The secondary issue is that not too long ago, in a ploy to stop piracy, many internet providers have decided to move away from unlimited download size. They are increasing the price to be able to download at a decent speed and to be able to download enough data. With moving to the cloud, more and more people will need / want faster internet and higher limits. It is not only downloading that becomes an issue, but video chat, online games, etc. We are moving towards a world of being online (original Xbox One design) and the internet providers do not seem to have a model that is conducive to being an online society. Continue reading

Nine Movies I Apparently Need to See – And One I Now Have

I often run into a wall of not having seen the “classic” movies of geekdom. In my mind, geekdom is large, and can contain many things. In high school, my group of friends considered only a couple of things to be our baseline: The Hitchhiker’s Guide to the Galaxy (the book), and The Princess Bride (the movie). Solid foundations for geekdom.

Oh, and Monty Python and the Holy Grail. Obviously.

Some of the most fun you can have with fantasy, science fiction, and parody, this is indeed a good start. From there, I have gifted some of my favorites, like Dune, and The Killing of Worlds. We loan people things or watch them together, like Doctor Who and Game of Thrones. We share our passion for geeky things.

And in some circles, I was known as an expert in cult classic movies. And in other circles, I am left decidedly wanting. We finally started working on the list of movies I hadn’t seen (or don’t remember seeing as a child, one of the two) recently, and my friends and family led with a winner. Here we have a list of nine movies I need to see that I haven’t, classics and cult classics and then one movie I just recently saw.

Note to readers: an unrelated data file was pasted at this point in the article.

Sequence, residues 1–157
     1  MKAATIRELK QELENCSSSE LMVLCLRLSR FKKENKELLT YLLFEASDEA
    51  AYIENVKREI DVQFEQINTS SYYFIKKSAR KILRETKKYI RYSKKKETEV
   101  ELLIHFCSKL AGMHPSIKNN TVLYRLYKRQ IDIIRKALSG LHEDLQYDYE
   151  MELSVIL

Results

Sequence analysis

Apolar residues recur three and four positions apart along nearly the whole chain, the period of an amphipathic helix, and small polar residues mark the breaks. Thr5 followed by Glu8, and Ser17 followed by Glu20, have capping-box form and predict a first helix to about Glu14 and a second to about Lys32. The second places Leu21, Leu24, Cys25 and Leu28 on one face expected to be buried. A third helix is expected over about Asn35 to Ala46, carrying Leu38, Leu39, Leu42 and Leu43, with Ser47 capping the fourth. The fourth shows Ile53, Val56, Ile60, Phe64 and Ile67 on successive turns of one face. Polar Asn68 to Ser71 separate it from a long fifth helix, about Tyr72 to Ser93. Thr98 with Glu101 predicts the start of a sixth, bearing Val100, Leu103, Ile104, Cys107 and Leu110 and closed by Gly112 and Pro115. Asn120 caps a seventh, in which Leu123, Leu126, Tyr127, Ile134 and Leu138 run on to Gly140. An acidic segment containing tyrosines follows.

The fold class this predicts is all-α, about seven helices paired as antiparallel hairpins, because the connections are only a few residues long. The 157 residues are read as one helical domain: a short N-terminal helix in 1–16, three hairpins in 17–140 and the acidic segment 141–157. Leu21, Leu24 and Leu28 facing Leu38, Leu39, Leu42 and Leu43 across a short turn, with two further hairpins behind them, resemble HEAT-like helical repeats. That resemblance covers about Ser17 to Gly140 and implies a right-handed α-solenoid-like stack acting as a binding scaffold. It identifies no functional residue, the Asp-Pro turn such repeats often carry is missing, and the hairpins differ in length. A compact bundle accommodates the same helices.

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Science Fiction Today – Geek Culture and Consumerism, Round 2

I wrote a piece a while back talking about geek culture, and its relationship to consumerism. I feel like I had some good points, but in talking to people since then I feel like there are more terms we need to use to discuss this topic.

What has me thinking of this right now is the X-Box One, which plans on having all of the games in digital format on the system – where you can loan a game to a friend digitally, but not resell it as used. But you also avoid the costs and hassle of the physical object.

How has geek culture responded? In a mixed fashion. I don’t tend to sell back many (any) games, so owning them forever works out for me alright. However, does this just make me a consumer creature? What is going on?